The exhibition is organized by the National Gallery of Art, The Imperial Household
Agency, and Nikkei Inc., in association with the Embassy of Japan. It has been made possible
through the generous support of Toyota, Nikkei Inc., Airbus, the E. Rhodes and Leona B.
Carpenter Foundation, and The Exhibition Circle of the National Gallery of Art. Additional
sponsorship from Japan has been provided by Daikin Industries, Ltd., Ito En, Ltd., Mitsubishi
Corporation, and Panasonic Corporation.

Masters of Mercy: Buddha’s Amazing Disciples
Arthur M. Sackler Gallery
March 1–July 8, 2012

        In Masters of Mercy: Buddha’s Amazing Disciples, Kano Kazunobu’s (1816-63)
phantasmagoric paintings reflect a popular theme in Edo art: the lives and deeds of the
Buddha’s legendary 500 disciples. The exhibition, on view March 10 through July 8, 2012, will
feature selections from Kazunobu’s 100-painting series created between 1854 and 1863 for the
important Pure Land Buddhist temple, Zōjōji, located in the heart of Edo.
        Little known and never before displayed outside Japan, Kazunobu’s epic series brilliantly
imagines Buddha’s disciples at work in the world, engaged in activities ranging from miraculous
acts of compassion to everyday chores, such as washing clothes and caring for animals.
        The series was on view for the first time to the modern general public in a widely hailed
exhibition held at the Edo-Tokyo Museum in Tokyo last spring.

        The exhibition is organized by the Arthur M. Sackler Gallery, Daihonzan Zōjōji and
Nikkei Inc. in collaboration with Asano Laboratories Inc. Funding for the exhibition is provided by
The Anne van Biema Endowment Fund.
Hokusai: Thirty-six Views of Mount Fuji
Arthur M. Sackler Gallery
March 24–June 17, 2012

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Japan Spring…8-8-8


        Hokusai: Thirty-six Views of Mount Fuji, highlights Japan’s most famous artist,
Katsushika Hokusai (1760-1849), and his most acclaimed print series, Thirty-six Views of Mount
Fuji, which includes some of the best-known images in world art, including “Beneath the Wave
Off Kanagawa” or “The Great Wave” and “South Wind at Clear Dawn” or “Red Fuji.”
        The exhibition, on view through June 17, 2012, will provide a rare opportunity for visitors
to see prints of exceptional quality representing all 46 images in this series; it was so popular at
the time of its first publication from 1830-32 that 10 additional designs were published under the
original title. The exhibition will also explore the spiritual meaning and emotional resonance of
Mount Fuji in Hokusai’s late career.
        Designed by Hokusai in his 70s, “Thirty-six Views of Mount Fuji” was a landmark in
Japanese print publishing, with innovative compositions, techniques and coloration; it
established landscape as a new subject for Japanese prints.

       The exhibition features loans from major institutional and private collections. It is
organized by the Arthur M. Sackler Gallery, with funding provided by The Anne van Biema
Endowment Fund.

                                              General Information

         The National Gallery of Art and its Sculpture Garden are at all times free to the public. They are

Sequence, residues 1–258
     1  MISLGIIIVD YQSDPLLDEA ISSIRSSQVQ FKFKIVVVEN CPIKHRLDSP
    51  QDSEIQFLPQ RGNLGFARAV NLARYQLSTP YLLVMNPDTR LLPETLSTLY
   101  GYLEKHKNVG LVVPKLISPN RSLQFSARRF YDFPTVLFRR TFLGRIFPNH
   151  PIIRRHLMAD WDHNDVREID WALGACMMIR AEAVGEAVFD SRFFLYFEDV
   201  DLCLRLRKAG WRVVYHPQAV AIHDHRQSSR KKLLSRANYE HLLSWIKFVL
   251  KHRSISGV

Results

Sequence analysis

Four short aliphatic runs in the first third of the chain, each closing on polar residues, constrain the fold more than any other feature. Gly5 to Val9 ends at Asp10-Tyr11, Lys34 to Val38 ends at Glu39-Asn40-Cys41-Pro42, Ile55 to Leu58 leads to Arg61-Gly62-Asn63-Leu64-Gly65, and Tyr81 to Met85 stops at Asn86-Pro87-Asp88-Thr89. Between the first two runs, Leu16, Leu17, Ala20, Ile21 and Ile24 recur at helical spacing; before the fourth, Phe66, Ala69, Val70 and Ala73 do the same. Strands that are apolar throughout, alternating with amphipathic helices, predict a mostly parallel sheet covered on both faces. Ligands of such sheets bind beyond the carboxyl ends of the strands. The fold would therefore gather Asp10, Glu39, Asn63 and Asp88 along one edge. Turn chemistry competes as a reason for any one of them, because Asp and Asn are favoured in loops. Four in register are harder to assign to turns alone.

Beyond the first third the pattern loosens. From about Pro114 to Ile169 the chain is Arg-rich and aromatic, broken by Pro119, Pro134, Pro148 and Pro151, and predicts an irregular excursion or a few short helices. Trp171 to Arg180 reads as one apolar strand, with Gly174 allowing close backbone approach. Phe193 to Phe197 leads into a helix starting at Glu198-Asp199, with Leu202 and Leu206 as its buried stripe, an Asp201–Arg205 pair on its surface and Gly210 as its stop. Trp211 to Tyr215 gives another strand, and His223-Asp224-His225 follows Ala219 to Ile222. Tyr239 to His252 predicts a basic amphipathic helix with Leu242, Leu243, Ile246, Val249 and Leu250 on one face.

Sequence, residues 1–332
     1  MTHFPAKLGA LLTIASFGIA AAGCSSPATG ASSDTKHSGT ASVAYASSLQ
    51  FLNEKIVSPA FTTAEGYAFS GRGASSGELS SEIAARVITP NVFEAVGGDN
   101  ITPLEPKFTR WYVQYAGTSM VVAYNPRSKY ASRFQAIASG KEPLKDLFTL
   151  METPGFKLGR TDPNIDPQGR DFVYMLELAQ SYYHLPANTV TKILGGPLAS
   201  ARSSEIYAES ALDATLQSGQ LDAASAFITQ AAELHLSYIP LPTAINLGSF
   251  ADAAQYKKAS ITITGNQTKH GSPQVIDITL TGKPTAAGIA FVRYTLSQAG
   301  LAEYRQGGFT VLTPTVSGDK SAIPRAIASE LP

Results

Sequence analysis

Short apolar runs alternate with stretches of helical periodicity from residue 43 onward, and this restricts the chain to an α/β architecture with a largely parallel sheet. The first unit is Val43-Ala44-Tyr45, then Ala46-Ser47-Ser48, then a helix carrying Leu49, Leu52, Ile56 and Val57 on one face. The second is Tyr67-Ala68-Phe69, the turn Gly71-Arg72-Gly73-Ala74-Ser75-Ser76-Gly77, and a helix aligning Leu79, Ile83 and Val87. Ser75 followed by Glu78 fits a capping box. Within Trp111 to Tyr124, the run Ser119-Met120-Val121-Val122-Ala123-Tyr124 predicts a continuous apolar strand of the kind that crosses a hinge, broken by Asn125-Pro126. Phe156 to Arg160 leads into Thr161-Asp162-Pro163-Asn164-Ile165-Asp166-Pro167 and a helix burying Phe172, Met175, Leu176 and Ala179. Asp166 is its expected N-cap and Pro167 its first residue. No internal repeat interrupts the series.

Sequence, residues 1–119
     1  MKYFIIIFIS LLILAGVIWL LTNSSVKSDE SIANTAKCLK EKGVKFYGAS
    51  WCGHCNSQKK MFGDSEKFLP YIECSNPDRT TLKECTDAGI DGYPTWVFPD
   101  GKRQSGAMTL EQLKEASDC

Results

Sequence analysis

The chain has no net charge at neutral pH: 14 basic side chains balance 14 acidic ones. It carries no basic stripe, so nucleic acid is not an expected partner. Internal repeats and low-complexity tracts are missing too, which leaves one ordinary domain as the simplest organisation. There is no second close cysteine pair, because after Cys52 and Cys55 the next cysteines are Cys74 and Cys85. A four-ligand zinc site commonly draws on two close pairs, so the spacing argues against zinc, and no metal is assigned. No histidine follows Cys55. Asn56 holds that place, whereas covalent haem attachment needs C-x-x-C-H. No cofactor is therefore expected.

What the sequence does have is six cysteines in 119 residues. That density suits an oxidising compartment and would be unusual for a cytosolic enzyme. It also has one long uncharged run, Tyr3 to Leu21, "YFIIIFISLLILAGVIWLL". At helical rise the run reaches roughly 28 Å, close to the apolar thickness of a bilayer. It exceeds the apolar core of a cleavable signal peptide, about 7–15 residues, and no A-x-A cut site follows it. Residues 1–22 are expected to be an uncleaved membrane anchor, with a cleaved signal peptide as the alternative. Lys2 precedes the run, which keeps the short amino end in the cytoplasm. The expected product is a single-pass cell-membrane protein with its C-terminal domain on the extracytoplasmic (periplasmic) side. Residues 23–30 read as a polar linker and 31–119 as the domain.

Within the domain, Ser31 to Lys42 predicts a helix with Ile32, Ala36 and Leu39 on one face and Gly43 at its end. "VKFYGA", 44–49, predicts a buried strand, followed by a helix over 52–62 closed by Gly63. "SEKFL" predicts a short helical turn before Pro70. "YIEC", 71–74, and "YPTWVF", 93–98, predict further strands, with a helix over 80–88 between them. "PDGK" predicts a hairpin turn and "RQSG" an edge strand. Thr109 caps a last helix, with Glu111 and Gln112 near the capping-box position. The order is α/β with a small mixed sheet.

located on the National Mall between 3rd and 9th Streets at Constitution Avenue NW, and are open Monday
through Saturday from 10:00 a.m. to 5:00 p.m. and Sunday from 11:00 a.m. to 6:00 p.m. The Gallery is closed
on December 25 and January 1. For information call (202) 737-4215 or the Telecommunications Device for the
Deaf (TDD) at (202) 842-6176, or visit the Gallery’s website at www.nga.gov. Follow the Gallery on Facebook
at www.facebook.com/NationalGalleryofArt and on Twitter at http://www.twitter.com/ngadc.

          Visitors will be asked to present all carried items for inspection upon entering. Checkrooms are free of
charge and located at each entrance. Luggage and other oversized bags must be presented at the 4th Street
entrances to the East or West Building to permit x-ray screening and must be deposited in the checkrooms at
those entrances. For the safety of visitors and the works of art, nothing may be carried into the Gallery on a
visitor’s back. Any bag or other items that cannot be carried reasonably and safely in some other manner must
be left in the checkrooms. Items larger than 17 by 26 inches cannot be accepted by the Gallery or its
checkrooms.

         The Arthur M. Sackler Gallery, located at 1050 Independence Avenue S.W., and the adjacent Freer
Gallery of Art, located at 12th Street and Independence Avenue S.W., are on the National Mall in Washington,
D.C. Hours are 10 a.m. to 5:30 p.m. every day, except December 25, and admission is free. The galleries are
located near the Smithsonian Metrorail station on the Blue and Orange lines. For more information about the
Freer and Sackler galleries and their exhibitions, programs and other events, the public may visit
www.asia.si.edu. For general Smithsonian information, the public may call (202) 633-1000 or TTY (202) 633-
5285.

PRESS CONTACTS:

National Gallery of Art:
Deborah Ziska
(202) 842-6356; ds-ziska@nga.gov
Miriam Grotte
(202) 842-6864; m-grotte@nga.gov

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Japan Spring…9-9-9

Freer Gallery of Art and Arthur M. Sackler Gallery:
Allison Peck
(202) 633-0447; pecka@si.edu